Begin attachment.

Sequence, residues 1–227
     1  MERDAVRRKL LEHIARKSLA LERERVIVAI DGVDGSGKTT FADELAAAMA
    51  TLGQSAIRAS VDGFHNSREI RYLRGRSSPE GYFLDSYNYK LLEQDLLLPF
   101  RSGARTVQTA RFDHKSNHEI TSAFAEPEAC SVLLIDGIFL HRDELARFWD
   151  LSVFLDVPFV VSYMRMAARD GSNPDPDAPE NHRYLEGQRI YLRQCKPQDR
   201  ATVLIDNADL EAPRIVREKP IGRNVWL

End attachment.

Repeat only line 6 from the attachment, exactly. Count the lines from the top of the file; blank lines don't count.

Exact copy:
   201  ATVLIDNADL EAPRIVREKP IGRNVWL